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In Matthew 16 we see Jesus conferring the keys of the kingdom:

I will give you the keys of the kingdom of heaven, and whatever you bind on earth shall be bound in heaven, and whatever you loose on earth shall be loosed in heaven.” - Matthew 16:19

The 'binding and loosing' authority appears, in the context, to be the applicational power of the keys rather than a second gifting. In other words, Jesus doesn't appear to be gifting two separate things but rather one thing 'keys' with 'binding and loosing' authority.

This same binding and loosing authority is spoken of again by Jesus in Matthew 18:

Truly, I say to you, whatever you bind on earth shall be bound in heaven, and whatever you loose on earth shall be loosed in heaven. - Matthew 18:18

In this instance the binding and loosing power is spoken of as regarding the entire church in general and those individuals involved in the restoration of a sinful brother in specific.

As near as I can tell the description of the binding and loosing powers in the two passages are identical.

My question is twofold and is for those who hold to Church governance by apostolic succession:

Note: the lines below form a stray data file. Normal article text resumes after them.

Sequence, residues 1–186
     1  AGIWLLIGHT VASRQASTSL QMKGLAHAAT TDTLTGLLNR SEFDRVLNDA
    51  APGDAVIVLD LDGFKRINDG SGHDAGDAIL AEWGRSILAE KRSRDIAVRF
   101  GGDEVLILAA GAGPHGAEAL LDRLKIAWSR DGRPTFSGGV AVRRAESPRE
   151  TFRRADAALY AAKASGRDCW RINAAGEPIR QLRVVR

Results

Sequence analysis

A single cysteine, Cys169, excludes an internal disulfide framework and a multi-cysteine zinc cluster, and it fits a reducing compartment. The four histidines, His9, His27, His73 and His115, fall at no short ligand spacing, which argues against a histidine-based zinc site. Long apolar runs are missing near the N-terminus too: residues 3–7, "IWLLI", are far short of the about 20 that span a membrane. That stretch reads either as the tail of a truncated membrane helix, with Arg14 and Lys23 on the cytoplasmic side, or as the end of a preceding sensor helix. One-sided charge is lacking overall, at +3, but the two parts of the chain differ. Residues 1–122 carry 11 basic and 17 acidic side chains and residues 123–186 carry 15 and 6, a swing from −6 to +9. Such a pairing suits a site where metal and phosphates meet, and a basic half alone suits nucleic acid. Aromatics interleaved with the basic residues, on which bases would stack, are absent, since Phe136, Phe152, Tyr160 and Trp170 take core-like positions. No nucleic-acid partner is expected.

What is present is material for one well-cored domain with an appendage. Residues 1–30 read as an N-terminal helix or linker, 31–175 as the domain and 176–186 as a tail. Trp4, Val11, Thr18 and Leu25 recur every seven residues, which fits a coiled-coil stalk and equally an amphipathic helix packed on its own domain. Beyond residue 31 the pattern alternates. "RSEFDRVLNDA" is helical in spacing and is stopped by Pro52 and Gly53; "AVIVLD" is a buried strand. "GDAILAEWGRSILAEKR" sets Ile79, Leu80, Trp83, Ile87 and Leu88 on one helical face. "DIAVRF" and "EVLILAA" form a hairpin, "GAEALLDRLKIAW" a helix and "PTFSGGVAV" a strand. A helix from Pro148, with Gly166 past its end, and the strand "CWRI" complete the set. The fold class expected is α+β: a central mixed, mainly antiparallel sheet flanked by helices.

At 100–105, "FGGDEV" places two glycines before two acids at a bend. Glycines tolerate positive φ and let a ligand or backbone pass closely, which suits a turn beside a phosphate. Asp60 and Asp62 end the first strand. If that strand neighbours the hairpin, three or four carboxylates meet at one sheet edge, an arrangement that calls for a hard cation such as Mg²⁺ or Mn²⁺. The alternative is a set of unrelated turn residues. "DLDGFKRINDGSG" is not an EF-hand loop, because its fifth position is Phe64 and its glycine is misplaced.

1. Are the binding and loosing powers conferred with possession of the keys or are the two distinct?
  2. If the former, then must we not conclude that, at least as regarding discipline within the Church, we all possess the 'keys' since we all (at least corporately if not individually) possess the 'binding and loosing' authority?
  • Not all apostolic churches interpret the above passages in exactly the same manner. Secondly, as far as I can tell, it is the Apostles, rather than the multitudes at large, that Christ is addressing. – Lucian Jun 28 at 21:51
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    @Lucian Matthew 18 appears addressed to the disciples which is usually understood as a larger group than the 12, I think. – Mike Borden Jun 29 at 11:18
  • Larger than the Twelve, yes; but see Seventy Disciples. Also, notice that disciple, along with its various derivatives, never appears outside of the Gospels-and-Acts, whereas apostle, and its various derivatives, almost never appears inside the Gospels (eight occurrences, mostly in Luke), but is quite frequent in the rest of the New Testament. (Acts uses each term about thirty times). – Lucian Jun 29 at 18:01

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